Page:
The main termite fumigation chemical is sulfuryl fluoride. This chemical is a colorless, odorless gas — which means that you won’t be able to see or smell it when it’s present in an area. 

It was first registered as an insecticide and rodenticide in 1959. It then underwent laboratory testing and was re-registered by the U.S. Environmental Protection Agency (EPA) in 1993. It’s classified as a restricted-use pesticide. This means that only trained, registered applicators can purchase this chemical. 

Multiple brand names for this chemical are all independently registered with the EPA. All of these approved pesticides have registration numbers with the EPA. 

All other termite fumigation chemicals are meant to warn you that a colorless, odorless gas is being used in the area. The main chemical that helps with this is called chloropicrin. It’s a warning agent that comes in the form of a visible, yellowish gas professionals flood through the building first to warn people that the pesticide is coming.

All chemicals are vented from your building after the fumigation is complete. Fumigation companies will test the air inside the building before anyone is allowed back inside. The concentration of sulfuryl fluoride should be down to one part per million or less before it’s safe for you to enter the building.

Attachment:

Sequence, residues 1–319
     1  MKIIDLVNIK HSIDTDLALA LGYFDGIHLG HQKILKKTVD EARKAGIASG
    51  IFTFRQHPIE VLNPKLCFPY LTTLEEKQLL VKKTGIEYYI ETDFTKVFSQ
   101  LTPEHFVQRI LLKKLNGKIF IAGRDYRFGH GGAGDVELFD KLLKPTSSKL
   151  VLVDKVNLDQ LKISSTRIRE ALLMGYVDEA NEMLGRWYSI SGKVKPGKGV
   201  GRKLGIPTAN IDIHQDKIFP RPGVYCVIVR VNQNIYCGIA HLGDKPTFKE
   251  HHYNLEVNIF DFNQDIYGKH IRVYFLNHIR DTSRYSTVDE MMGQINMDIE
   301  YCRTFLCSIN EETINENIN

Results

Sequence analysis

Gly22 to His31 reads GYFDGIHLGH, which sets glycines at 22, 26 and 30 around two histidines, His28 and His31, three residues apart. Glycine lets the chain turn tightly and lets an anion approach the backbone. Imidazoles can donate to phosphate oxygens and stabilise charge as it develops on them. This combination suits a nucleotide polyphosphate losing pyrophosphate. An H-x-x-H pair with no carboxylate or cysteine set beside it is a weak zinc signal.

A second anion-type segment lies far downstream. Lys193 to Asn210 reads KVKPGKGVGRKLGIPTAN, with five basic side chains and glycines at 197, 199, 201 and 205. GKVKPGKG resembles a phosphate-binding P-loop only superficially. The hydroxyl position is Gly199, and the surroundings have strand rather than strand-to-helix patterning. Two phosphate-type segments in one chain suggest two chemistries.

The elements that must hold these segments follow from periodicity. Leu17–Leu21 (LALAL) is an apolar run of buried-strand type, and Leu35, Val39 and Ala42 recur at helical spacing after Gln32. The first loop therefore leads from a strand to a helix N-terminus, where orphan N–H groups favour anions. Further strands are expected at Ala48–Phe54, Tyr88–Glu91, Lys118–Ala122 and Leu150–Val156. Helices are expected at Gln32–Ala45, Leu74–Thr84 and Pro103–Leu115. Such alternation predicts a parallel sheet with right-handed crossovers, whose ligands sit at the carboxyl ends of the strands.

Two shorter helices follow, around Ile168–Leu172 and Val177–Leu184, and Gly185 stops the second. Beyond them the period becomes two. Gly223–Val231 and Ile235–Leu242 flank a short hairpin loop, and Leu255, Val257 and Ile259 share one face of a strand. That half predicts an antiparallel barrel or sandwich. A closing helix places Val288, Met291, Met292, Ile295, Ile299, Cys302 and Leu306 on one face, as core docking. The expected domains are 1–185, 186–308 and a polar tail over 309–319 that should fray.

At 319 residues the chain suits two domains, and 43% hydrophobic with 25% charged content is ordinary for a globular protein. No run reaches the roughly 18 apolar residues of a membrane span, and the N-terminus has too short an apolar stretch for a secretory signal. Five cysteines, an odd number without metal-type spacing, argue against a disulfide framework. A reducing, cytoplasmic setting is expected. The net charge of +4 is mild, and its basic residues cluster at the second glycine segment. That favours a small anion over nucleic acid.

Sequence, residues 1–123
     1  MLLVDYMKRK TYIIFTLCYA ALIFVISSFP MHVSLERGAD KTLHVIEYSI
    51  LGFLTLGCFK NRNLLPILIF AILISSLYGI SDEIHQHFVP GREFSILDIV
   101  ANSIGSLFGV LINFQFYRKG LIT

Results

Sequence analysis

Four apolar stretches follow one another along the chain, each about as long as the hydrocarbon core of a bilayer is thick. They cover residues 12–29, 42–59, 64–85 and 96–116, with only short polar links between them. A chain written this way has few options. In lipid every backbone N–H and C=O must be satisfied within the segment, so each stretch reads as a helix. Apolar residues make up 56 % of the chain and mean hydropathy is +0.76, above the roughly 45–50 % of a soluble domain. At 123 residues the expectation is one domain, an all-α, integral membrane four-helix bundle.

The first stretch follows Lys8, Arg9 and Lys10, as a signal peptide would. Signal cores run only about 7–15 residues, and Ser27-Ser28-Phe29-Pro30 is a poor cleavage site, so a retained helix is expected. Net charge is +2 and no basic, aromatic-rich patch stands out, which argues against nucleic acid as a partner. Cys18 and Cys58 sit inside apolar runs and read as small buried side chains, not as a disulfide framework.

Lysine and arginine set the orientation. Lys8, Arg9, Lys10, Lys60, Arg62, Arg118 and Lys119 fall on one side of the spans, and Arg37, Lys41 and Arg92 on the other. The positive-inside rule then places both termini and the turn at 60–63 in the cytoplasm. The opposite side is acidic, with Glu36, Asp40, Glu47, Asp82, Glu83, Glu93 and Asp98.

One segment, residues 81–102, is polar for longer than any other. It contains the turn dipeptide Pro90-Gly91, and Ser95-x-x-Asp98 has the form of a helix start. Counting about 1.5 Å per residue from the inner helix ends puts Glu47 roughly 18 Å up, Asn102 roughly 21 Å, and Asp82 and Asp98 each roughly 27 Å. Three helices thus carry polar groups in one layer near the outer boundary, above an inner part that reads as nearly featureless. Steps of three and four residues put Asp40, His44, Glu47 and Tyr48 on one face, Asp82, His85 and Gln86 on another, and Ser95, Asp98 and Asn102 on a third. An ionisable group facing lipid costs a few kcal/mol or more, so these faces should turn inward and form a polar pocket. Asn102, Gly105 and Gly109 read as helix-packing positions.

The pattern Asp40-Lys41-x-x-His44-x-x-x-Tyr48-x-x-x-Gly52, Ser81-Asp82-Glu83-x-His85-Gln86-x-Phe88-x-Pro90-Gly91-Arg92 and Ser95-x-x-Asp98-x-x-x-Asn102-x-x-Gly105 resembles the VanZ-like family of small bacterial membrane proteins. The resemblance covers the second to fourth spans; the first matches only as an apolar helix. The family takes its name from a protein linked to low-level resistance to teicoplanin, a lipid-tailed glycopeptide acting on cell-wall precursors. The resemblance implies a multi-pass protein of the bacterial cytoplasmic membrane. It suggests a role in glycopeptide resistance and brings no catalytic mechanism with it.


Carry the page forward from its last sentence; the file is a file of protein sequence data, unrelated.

Luckily, studies have shown that the chemicals dissipate quickly once released into the open air. Once ventilated, they shouldn’t stick around long enough to harm any animals that weren’t inside the tent.

Research shows that fumigating a building with sulfuryl fluoride is an effective way to completely eliminate pests from your building — particularly dry wood termites. Though this method is extreme, it is very reliable.

It’s important to make sure the job is done safely and correctly. Find a fumigation company that you trust to do the job properly. 

For the most effective fumigation, the company you hire needs to be able to construct a tight tent with minimal leakage.

You and your pets should avoid exposure to high levels of sulfuryl fluoride. You’ll need to evacuate the premises before the chemicals are applied, and you won’t be allowed to return until they’ve been safely ventilated.  

Inhaling small amounts of sulfuryl fluoride should only cause mild eye and respiratory irritation. Other symptoms from a mild exposure can include: